[Let’s Study Qin: the Warring States] Part 7: The Rules

Posted: August 23, 2012 by pointyman2000 in Articles, Let's Study, Qin: the Warring States, Roleplaying Games

Today we’ll be taking a look at the basic rules for playing Qin: the Warring States.

Qin’s system relies on a mechanic called the Yin/Yang Die or YyD in shorthand. These are a pair of D10’s, preferrably of different colors for ease of use. The player rolls two dice and subtracts the lower result from the higher result to get a final value. For example, rolling an 8 and a 2 results in a 6.

Zeros on the die counts as an actual zero and not a 10 like it does in other games.

Interestingly enough the YyD still has mechanics for critical successes and failures. A player scores a critical success if they roll the same number on both dice. This results in them automatically succeeding in the task and recovering a number of Chi points equal to the number rolled. The Success margin of this is equal to the value of the number rolled as well. Needless to say double nines are pretty damned impressive.

Critial failures on the other hand happen if the YyD roll two Zeros. This basically means that the characters an automatic and catastrophic failure of some sort, and loses 5 Chi points to a minimum of zero.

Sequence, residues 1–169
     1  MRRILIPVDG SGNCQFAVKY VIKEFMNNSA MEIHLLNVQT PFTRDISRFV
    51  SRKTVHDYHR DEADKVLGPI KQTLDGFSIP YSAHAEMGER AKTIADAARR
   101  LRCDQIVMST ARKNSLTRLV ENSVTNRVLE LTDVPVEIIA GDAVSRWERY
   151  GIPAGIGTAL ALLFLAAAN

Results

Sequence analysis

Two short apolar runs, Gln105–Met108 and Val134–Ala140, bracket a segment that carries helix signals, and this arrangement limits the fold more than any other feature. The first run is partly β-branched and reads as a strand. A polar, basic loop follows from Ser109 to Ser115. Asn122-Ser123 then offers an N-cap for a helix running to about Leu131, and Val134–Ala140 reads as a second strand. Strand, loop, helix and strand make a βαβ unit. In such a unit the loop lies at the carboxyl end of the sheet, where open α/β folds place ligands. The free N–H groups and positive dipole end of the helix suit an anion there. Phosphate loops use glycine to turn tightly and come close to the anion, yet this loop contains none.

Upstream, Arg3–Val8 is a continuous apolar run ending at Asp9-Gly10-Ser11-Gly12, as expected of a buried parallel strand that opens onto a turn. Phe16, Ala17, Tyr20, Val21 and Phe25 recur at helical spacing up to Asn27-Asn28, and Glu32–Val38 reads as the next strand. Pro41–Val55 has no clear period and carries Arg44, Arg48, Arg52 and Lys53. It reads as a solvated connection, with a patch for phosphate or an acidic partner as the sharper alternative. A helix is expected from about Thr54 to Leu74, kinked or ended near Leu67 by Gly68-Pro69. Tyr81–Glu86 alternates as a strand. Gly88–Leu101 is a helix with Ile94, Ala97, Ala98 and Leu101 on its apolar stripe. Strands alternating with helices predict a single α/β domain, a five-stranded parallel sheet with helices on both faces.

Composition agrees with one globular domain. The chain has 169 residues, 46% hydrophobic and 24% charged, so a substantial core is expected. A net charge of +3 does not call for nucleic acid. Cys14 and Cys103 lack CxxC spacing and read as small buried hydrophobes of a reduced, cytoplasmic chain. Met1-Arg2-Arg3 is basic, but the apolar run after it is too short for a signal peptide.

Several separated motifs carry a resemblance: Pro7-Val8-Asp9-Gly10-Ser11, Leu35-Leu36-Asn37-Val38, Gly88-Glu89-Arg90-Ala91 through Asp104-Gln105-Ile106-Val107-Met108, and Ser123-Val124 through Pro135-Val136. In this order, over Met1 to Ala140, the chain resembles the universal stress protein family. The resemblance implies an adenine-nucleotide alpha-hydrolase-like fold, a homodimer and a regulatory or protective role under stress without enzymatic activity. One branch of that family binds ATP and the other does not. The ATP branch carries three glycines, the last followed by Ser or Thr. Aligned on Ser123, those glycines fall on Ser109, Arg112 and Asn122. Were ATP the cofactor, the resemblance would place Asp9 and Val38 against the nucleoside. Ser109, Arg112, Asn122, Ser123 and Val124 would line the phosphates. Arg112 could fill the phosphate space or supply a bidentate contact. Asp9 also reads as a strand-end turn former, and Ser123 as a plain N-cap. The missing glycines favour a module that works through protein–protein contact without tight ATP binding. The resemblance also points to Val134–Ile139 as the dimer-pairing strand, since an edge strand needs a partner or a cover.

So how does this work in play? Well, whenever a player character has to make a test, they roll their YyD and add the value to their Aspect and Skill levels to the result and compare it to the Success Threshold of the test. Thresholds range from 3 (“Child’s Play”) to 6 (“Average”) and finally 15 (“Legendary”).

Should a character not have the applicable skill, then the character may default to just adding the YyD result to their Aspects, for as long as the skill is one that can be performed untrained. If a test requires two or more skills, then the character defaults to using the lowest level skill.

Opposed and Extended tests are also discussed in detail, and the use of Chi to power Taos, and special combat techniques and magic are also discussed, though there aren’t any special combat techniques in the book (those are apparently reserved for the screen).

Overall it seems like a pretty simple and straightforward system. The Yin/Yang Dice mechanic is novel and easy enough to learn, and helps reinforce the flavor of the belief system in Zhongguo and I appreciate that. Otherwise it feels like a pretty easy system to learn and run, but we’ll find out for certain tomorrow, when we try to go over a sample combat and throw Zhaohui against a swordsman and see how well she does.


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